One of the significant battles being waged in recent week has revolved around the figure of Yuriy Vitrenko, a maverick and capable technocrat who masterminded and led Ukraine’s seemingly impossible case in international arbitration against Russia’s giant Gazprom. Ukraine won the case, which came with sizable economic benefits.

Despite his notable contribution and untainted reputation, or perhaps precisely because of it, Mr. Vitrenko was unceremoniously laid off from Naftogaz last May. Yet, a few months ago, Mr. Zelenskyy suddenly remembered him and has sought to have him appointed as the energy minster – the energy sphere having traditionally been crucial for the nation, but it has also been a feeding trough for oligarchs and their auxiliaries. Mr. Zelenskyy evidently sees Mr. Vitrenko as a potential valuable asset if he can get him on board at this delicate moment.

Because he is not linked to any of the energy barons, Mr. Vitrenko’s candidacy for energy minister, despite the president’s backing, has been rejected twice in December and January by a parliament in which the president’s own faction let him down badly because of its susceptibility to external influences from vested interests. He was left to operate in this acting role with substantially limited powers.

On February 23, however, Mr. Zelenskyy struck back utilizing a formula circumventing this blockade, as 267 of parliament’s 350 members voted to approve amendments to legislation that removed restrictions on an acting minister’s duties and powers if the post remains unfilled. In other words, Mr. Vitrenko is now able to act as the de-facto energy minister, to the consternation of all those who do not want to see an independent, strong and experienced specialist in that position.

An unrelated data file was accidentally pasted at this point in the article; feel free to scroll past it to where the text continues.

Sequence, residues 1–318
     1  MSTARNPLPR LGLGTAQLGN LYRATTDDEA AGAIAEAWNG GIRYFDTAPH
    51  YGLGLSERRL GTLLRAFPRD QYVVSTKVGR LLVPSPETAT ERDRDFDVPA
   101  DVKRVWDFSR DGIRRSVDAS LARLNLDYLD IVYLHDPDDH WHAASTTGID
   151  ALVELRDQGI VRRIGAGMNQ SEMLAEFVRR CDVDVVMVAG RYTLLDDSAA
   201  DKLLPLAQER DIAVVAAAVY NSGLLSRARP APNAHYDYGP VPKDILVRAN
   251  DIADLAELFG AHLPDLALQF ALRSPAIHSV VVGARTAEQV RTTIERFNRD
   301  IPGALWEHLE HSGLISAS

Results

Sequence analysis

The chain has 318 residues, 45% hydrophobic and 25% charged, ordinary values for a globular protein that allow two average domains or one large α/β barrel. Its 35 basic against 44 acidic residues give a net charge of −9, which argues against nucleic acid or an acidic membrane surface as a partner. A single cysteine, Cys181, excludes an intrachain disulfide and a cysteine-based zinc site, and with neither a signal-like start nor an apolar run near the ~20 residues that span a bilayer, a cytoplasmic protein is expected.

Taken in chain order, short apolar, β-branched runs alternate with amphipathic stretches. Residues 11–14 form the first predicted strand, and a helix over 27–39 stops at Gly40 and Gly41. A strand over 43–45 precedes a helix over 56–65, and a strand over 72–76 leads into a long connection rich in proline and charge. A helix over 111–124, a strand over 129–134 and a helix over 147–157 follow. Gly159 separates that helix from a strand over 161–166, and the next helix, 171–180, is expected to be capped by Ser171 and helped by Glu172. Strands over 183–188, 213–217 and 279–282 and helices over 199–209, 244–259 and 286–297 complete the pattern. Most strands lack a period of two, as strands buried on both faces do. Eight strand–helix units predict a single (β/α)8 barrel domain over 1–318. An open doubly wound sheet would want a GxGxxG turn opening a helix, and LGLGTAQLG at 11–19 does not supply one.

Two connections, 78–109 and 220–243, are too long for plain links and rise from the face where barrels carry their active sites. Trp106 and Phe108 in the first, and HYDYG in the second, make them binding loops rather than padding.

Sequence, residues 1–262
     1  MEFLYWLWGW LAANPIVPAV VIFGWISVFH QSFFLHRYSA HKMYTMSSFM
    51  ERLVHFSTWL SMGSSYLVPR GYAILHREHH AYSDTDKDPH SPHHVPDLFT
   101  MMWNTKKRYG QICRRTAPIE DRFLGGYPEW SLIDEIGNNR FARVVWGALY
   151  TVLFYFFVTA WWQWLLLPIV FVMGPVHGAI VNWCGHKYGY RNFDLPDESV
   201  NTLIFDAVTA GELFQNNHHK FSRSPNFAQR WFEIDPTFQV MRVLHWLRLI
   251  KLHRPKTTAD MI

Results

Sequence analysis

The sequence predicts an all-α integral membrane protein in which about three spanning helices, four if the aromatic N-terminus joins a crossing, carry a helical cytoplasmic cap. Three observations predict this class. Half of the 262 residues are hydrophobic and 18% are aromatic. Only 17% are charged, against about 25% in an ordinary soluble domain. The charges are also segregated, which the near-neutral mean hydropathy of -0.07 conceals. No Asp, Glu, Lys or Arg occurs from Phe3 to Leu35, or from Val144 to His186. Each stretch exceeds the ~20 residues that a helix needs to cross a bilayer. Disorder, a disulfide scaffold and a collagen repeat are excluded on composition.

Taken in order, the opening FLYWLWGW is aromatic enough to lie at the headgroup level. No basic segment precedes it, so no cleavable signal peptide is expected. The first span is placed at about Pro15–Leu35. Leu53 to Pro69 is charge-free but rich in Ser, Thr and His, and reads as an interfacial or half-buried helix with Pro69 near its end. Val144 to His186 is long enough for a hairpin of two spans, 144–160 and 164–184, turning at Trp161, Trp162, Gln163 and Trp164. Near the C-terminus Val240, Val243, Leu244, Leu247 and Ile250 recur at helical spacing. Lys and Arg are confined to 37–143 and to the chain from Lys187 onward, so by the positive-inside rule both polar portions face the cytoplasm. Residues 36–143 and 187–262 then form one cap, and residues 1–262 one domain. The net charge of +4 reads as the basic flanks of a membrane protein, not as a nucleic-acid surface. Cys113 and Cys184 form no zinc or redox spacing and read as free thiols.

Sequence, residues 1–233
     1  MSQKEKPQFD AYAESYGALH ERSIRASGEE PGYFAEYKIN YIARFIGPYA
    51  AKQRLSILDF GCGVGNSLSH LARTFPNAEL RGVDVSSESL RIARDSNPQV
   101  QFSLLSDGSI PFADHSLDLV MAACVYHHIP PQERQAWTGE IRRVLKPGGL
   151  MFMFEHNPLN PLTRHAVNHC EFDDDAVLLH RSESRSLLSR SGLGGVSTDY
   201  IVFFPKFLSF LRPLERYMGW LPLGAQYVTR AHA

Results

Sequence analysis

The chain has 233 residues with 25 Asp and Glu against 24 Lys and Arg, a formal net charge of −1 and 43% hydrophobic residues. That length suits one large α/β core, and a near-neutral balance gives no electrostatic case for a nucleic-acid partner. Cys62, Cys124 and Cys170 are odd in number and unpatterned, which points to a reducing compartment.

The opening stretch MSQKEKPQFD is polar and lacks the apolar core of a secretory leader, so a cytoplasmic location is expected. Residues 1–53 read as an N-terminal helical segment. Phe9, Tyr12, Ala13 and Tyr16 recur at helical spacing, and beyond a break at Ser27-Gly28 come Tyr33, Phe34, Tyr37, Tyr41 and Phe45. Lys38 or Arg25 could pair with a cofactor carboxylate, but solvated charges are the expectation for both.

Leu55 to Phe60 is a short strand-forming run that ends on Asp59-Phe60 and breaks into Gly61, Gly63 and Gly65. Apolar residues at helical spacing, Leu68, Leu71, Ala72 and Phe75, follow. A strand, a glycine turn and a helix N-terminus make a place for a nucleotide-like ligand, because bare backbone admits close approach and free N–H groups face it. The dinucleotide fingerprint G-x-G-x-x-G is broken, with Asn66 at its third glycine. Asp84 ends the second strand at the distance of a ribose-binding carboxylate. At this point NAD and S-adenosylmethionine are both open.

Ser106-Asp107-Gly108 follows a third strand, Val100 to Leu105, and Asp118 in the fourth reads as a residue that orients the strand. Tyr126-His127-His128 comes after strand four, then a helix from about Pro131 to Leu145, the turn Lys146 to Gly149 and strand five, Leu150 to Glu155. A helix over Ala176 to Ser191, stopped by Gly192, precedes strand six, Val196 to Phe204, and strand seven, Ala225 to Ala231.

The vote was also significant in that it signified that the Servant of the People faction – it provided 226 of the votes in favor (Mr. Razumkov being one of those who abstained) – had regrouped after months of being unruly and unpredictable in its behavior and has begun acting as a unified force again. If this continues, it means that with the support of independent lawmakers it has enough votes to pass bills unrelated to constitutional changes.

Meanwhile, other developments are turning attention from the key issues at hand. Opponents of the president, especially Mr. Poroshenko, have been quick to blame Mr. Zelenskyy for the unfolding, ugly case concerning the trial of Odesa activist Serhiy Sternenko. At this stage, however, Mr. Zelenskyy has no control over the corrupt and criminal elements in Odesa’s administration and court system. Demonstrators have appeared on the streets of several cities and before the presidential office building in Kyiv.

Mr. Sternenko was sentenced on February 23 to seven years in jail for kidnapping and illegal possession of weapons. On February 24, investigative journalist Serhiy Leshchenko reminded Mr. Poro­shenko that it was he who approved the transfer to Odesa of the scandalous judge who passed down Mr. Sternenko’s sentence. It is hoped that the appeals court, especially if an appeal takes place outside of Odesa, will see that justice is done.

And so, the political infighting and recriminations continue. Fortunately, there are signs that all of this is not just political mudslinging, but rather something far more serious – a critical, and possibly defining, moment in the making.